Page:Southern Historical Society Papers volume 19.djvu/194

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188 Southern Historical Society Papers.

mounted and coolly entered the St. Nicholas. They found General Kelly in bed and Kuykendall, who was known to General Kelly, having been captured previously, recognized him at once and demanded his surrender. The General desired to know whom he was surrendering to, and Kuykendall emphatically informed him that it was to him, Kuykendall, and him only, and told him further that there was no time for ceremony. The General accepted the position and promptly obeyed.

Vandiver in the meantime had repaired to the Revere House, cap- tured the sentinel in charge by pretending to be a dispatch-bearer to General Crook, and finally succeeded in reaching his bed-room. He announced himself to the astonished General as General Rosser, of the Confederate army, informed him that he was a prisoner of war, and told him that he had two minutes to dress. The General hesi- tating, Vandiver told him that his clothes were there, and that he could either put them on or be taken as he was.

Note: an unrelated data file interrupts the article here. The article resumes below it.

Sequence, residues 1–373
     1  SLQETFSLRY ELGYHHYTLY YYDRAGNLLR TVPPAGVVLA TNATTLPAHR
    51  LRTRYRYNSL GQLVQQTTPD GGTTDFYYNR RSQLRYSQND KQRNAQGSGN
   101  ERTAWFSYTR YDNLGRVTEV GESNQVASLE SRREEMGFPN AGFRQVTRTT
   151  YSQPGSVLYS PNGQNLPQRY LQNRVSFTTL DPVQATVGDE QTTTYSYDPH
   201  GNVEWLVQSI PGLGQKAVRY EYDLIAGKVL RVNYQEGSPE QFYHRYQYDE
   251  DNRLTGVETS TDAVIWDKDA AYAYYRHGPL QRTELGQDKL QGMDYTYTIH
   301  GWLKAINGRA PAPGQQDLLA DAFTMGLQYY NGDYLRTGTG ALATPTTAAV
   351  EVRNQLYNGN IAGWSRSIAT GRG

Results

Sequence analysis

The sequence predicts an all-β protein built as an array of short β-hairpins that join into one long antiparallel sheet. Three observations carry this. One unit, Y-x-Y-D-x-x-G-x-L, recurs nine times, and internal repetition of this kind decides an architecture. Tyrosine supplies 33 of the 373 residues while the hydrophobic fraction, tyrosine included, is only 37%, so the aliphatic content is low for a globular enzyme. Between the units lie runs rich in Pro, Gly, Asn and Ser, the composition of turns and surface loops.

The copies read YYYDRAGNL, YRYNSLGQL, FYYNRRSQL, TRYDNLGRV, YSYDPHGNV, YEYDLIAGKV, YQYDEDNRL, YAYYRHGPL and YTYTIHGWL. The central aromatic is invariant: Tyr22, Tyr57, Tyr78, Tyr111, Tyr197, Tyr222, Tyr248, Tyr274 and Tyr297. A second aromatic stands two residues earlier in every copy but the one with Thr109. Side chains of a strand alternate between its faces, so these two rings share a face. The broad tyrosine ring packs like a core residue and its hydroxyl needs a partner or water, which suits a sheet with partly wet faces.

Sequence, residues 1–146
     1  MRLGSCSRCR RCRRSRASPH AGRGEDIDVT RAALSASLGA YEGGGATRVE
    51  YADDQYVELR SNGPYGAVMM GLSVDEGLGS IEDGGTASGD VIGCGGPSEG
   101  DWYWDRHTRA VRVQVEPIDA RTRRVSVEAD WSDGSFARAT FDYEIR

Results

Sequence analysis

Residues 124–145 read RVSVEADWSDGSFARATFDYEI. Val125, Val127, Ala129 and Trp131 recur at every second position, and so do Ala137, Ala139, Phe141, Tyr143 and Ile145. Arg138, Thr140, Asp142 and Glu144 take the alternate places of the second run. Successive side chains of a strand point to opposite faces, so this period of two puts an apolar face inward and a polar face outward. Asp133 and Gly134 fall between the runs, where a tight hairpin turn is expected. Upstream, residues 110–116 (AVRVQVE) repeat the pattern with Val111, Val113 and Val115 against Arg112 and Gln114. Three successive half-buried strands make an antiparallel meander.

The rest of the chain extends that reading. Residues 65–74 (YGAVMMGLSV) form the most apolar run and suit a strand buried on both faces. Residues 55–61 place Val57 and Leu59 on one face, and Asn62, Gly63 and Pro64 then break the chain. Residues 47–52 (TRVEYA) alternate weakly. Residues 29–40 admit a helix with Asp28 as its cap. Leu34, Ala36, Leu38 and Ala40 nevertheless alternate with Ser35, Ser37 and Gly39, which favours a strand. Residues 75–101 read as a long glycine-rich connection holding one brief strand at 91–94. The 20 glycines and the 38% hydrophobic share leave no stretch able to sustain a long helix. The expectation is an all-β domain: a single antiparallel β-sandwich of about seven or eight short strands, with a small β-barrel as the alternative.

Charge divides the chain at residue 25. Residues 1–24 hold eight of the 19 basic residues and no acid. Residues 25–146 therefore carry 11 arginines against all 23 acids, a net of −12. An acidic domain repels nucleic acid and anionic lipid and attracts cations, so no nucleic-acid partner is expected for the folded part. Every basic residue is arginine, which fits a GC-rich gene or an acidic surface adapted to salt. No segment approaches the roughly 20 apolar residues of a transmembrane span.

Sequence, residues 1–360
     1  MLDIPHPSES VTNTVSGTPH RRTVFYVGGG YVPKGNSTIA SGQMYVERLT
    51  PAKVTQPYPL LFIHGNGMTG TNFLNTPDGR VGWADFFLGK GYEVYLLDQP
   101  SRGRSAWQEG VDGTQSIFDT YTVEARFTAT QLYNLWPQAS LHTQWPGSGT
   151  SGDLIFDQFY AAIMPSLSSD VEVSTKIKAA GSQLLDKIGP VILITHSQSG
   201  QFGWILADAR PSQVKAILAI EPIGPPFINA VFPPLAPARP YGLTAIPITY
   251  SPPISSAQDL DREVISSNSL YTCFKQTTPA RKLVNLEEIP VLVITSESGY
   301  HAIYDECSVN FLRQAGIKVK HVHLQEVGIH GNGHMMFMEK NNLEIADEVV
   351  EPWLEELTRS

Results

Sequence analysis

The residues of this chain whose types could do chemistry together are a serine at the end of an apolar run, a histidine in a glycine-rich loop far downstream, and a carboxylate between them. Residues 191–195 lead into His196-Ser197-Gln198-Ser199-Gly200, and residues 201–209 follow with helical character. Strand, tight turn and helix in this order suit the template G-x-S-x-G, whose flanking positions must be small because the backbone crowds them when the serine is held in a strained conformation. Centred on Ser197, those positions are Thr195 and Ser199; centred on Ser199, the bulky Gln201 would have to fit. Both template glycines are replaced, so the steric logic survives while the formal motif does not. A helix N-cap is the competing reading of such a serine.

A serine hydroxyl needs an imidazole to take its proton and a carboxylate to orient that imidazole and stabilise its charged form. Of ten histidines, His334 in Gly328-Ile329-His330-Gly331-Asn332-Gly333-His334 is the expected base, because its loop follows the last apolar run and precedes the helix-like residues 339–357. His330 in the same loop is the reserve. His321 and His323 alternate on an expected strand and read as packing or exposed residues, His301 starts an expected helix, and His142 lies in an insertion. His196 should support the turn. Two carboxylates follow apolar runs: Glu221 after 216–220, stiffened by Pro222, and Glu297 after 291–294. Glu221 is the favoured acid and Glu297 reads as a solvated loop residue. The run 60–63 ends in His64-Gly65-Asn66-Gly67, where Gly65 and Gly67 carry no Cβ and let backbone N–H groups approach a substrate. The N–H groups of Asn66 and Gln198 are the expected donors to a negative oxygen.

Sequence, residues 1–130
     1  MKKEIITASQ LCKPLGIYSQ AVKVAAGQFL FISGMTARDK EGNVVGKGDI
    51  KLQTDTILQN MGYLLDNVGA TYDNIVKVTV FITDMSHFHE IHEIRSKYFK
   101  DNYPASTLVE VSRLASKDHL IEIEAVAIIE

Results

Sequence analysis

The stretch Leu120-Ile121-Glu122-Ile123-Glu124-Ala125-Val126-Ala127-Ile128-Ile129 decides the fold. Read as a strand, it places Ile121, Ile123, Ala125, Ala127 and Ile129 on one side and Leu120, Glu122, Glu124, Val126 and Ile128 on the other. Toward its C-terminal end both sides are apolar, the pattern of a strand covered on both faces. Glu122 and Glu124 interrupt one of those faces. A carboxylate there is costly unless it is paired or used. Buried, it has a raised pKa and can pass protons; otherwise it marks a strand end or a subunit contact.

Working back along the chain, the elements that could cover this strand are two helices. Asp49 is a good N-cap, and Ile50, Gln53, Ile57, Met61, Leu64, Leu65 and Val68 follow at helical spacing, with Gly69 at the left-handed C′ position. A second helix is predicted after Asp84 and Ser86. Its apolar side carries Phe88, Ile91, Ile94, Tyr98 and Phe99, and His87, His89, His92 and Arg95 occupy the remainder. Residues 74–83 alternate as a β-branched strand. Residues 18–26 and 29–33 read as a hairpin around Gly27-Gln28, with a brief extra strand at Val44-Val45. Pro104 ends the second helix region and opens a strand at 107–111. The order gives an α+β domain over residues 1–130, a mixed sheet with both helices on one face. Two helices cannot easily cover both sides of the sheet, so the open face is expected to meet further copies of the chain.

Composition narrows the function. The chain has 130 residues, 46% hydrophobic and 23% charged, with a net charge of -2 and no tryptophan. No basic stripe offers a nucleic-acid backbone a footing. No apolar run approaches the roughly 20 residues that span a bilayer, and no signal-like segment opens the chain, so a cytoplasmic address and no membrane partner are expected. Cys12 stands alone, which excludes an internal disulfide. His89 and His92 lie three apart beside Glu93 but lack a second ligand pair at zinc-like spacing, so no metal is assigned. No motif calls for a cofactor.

It is needless to say that the General dressed, and dressed quickly. They took him to the street, Vandiver mounted his horse, and the General was placed on the horse behind him. They rode down and were joined by the party who had taken General Kelly from his bed at the St. Nicholas, and in a little while they were out beyond the confines of Cumberland. The countersign, "Bull's Gap/' now stood them in hand, and they got a start before the alarm was spread.

They reached Romney without any trouble, except an exchange of shots with a handful of cavalry that had got together and pursued them.

[From the Richmond Dispatch, August 2, 1891.]



The following poem from the pen of Rev. Joshua Peterkin, D. D., appeared in the Hartford (Conn.) Courier in 1865, and, now that the horrors of Andersonville are again being paraded in Northern magazines, it will no doubt be read with interest by many. The quotations are from lines which a short while before had been pub- lished in a Philadelphia (Pa.) paper.

G. E. T. L.